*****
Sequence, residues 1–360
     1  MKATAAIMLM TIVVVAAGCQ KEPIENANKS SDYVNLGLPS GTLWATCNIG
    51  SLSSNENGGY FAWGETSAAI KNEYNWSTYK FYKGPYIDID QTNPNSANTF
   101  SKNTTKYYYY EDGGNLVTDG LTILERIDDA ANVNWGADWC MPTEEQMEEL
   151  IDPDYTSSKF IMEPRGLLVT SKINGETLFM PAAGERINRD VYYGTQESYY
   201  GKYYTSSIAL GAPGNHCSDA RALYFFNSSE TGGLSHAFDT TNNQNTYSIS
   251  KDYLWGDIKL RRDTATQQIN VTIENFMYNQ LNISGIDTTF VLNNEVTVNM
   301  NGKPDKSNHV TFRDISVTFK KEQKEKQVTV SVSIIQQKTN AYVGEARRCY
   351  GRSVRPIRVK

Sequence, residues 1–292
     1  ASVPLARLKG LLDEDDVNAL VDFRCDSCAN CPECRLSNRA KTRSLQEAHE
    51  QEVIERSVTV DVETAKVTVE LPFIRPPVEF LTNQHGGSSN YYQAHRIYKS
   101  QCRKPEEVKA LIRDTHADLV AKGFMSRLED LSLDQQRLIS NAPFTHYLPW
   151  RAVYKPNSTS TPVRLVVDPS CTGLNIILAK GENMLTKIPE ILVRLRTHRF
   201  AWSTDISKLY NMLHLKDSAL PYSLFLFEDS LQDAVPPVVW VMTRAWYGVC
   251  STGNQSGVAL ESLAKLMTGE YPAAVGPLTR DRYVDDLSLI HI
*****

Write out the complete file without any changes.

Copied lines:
Sequence, residues 1–360
     1  MKATAAIMLM TIVVVAAGCQ KEPIENANKS SDYVNLGLPS GTLWATCNIG
    51  SLSSNENGGY FAWGETSAAI KNEYNWSTYK FYKGPYIDID QTNPNSANTF
   101  SKNTTKYYYY EDGGNLVTDG LTILERIDDA ANVNWGADWC MPTEEQMEEL
   151  IDPDYTSSKF IMEPRGLLVT SKINGETLFM PAAGERINRD VYYGTQESYY
   201  GKYYTSSIAL GAPGNHCSDA RALYFFNSSE TGGLSHAFDT TNNQNTYSIS
   251  KDYLWGDIKL RRDTATQQIN VTIENFMYNQ LNISGIDTTF VLNNEVTVNM
   301  NGKPDKSNHV TFRDISVTFK KEQKEKQVTV SVSIIQQKTN AYVGEARRCY
   351  GRSVRPIRVK

Sequence, residues 1–292
     1  ASVPLARLKG LLDEDDVNAL VDFRCDSCAN CPECRLSNRA KTRSLQEAHE
    51  QEVIERSVTV DVETAKVTVE LPFIRPPVEF LTNQHGGSSN YYQAHRIYKS
   101  QCRKPEEVKA LIRDTHADLV AKGFMSRLED LSLDQQRLIS NAPFTHYLPW
   151  RAVYKPNSTS TPVRLVVDPS CTGLNIILAK GENMLTKIPE ILVRLRTHRF
   201  AWSTDISKLY NMLHLKDSAL PYSLFLFEDS LQDAVPPVVW VMTRAWYGVC
   251  STGNQSGVAL ESLAKLMTGE YPAAVGPLTR DRYVDDLSLI HI